What the heck are Cannabinoids and Terpenes?

Now that we understand the differences in higher-level terms, we can begin to dig deeper into what can cause a particular strain of weed to fall within a Sativa or Indica or Hybrid classification. Some Sativas can cause relaxing feelings and some Indicas can cause alertness after all! But why is that, and what is the tipping point that must be reached for a strain to be classified as one or the other?

The biggest factor for the feelings produced by weed are the chemical compounds that are found within the strain. The main players in the game are the cannabinoids THC and CBD, as well as aromatic compounds called terpenes. THC or tetrahydrocannabinol causes the “high” feeling, often pairs with a feeling of hunger, and has been bred to provide pain relief and reduce nausea or dizziness. CBD or Cannabidiol does not produce a high feeling but assists with relaxation or anxiety reduction, reduced swelling, and pain relief.

For a beginner, a great starting point is selecting a Sativa or Indica, but as you get more familiar with weed and more comfortable you can dig deeper into your strains and begin selecting based on THC and CBD percentages. An experienced user looking for a strong high feeling would likely go for a high % THC strain while a newer user may prefer a lower one. A higher % THC strain also provides medical benefits such as reducing strong feelings of anxiety within the user, increasing hunger, or reducing pain and inflammation.

Some users of higher % THC strains will notice that it can cause potential side effects and therefore be more driven towards a higher % CBD strain. CBD can provide similar benefits to the user that THC does, without the same high feeling that can reduce coordination or possibly hinder everyday responsibilities. Another benefit to a higher % CBD strain is that while it does help reduce anxiety and relieve pains/migraines it generally does not create the same “hungry” feeling that THC does.

Now that we understand the major players and compounds a bit better, we can look at the compound that causes that intense (or mild!) recognizable smell. Terpenes exist within weed and other plants and fruit and provide the aromatics that help us identify the plant easier. Many types exist within weed in different amounts but the major one is Myrcene. Outside of providing the aromatic effects terpenes also play a role in how cannabinoids are absorbed on consumption, and thus finding a perfect mix and experimenting with different strains becomes important! Much like shopping for the perfect tailored suit each strain and its percentages of cannabinoids and terpenes varies. It is essential to take time to find the right one for your needs.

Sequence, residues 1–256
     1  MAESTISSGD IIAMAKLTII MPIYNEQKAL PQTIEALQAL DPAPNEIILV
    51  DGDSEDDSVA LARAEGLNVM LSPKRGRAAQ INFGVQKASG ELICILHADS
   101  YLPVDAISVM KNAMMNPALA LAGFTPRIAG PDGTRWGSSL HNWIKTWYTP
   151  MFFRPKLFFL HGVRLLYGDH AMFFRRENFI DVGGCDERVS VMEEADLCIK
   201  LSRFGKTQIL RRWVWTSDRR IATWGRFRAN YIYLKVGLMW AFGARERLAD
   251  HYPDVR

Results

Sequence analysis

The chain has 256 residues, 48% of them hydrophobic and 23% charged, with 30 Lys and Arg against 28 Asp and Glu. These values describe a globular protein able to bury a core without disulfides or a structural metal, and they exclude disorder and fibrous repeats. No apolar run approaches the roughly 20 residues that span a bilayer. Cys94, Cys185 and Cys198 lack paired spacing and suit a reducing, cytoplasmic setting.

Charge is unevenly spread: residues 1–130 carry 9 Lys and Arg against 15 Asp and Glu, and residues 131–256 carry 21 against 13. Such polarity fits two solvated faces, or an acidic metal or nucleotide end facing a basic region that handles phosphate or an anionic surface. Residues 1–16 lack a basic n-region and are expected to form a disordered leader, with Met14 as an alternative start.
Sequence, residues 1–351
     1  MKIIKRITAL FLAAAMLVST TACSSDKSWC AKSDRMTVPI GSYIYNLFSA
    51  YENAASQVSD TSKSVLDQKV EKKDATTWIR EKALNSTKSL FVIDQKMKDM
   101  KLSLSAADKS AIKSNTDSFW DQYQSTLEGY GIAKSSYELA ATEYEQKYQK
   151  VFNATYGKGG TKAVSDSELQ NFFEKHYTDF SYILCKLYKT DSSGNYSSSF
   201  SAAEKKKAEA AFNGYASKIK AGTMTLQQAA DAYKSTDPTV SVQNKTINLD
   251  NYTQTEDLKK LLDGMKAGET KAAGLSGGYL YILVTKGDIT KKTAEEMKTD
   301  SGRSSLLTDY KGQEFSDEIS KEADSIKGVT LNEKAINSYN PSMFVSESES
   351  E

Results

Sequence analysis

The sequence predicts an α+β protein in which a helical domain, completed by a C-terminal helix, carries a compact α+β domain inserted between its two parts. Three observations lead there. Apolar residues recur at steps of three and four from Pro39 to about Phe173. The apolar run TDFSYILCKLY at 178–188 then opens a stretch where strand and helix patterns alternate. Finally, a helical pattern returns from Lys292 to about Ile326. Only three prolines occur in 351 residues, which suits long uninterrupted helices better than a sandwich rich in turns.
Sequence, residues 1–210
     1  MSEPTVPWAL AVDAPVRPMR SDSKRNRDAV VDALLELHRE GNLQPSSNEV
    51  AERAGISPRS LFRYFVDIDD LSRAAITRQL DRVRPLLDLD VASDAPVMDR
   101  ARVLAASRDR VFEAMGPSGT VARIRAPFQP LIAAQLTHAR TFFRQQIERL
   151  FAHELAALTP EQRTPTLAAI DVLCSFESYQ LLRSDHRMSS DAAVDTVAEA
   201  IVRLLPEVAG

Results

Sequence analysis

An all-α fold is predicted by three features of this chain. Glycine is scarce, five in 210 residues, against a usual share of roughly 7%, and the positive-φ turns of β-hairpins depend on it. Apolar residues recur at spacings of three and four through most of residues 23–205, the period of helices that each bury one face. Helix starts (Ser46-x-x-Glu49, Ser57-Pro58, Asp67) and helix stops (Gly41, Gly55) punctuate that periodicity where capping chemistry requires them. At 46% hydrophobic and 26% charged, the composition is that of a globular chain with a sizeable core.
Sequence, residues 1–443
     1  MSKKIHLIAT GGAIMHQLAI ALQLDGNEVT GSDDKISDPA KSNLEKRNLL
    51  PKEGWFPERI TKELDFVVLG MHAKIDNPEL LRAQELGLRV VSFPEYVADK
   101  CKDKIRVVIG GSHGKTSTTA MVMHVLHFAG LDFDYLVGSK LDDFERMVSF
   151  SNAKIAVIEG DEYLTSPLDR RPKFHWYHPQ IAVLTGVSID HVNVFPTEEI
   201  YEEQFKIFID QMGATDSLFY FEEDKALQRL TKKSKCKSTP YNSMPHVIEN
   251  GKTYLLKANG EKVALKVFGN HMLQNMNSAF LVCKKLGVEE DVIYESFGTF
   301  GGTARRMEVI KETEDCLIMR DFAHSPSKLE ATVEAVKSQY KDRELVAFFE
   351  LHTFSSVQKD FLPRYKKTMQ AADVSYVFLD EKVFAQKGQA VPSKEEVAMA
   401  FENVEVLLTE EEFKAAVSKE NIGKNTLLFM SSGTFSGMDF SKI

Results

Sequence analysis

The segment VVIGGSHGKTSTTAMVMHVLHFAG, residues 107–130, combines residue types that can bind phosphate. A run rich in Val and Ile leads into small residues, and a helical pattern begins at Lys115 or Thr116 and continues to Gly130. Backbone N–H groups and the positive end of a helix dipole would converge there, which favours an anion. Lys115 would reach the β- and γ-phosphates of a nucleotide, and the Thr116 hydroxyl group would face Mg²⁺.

Thanks to the terpenes when you open your first bag if you are met with a dusky, hoppy smell then you’re very likely to feel warm, hungry, and sleepy after consuming as you have most likely got an Indica on your hands! If the bag has a citrusy aroma get ready for your increased mental energy boost as you have likely got a Sativa!

Bringing it all together we also learn that myrcenes are used for the classification of a particular strain over the CBD or THC content. If myrcene exists in a strain in a volume higher than 50% then that strain is classified as an Indica, if the myrcene is lower than 50% then the strain is Sativa.              

An Indica will usually contain a larger amount of CBD while a Sativa will have a larger amount of THC which produces the “mind-high”, but this can, of course, vary per strain and thus we use the myrcene content for classification instead.                

Now that you’ve got the framework down you can go out and try it for yourself! Don’t forget to ask your budtender for further advice!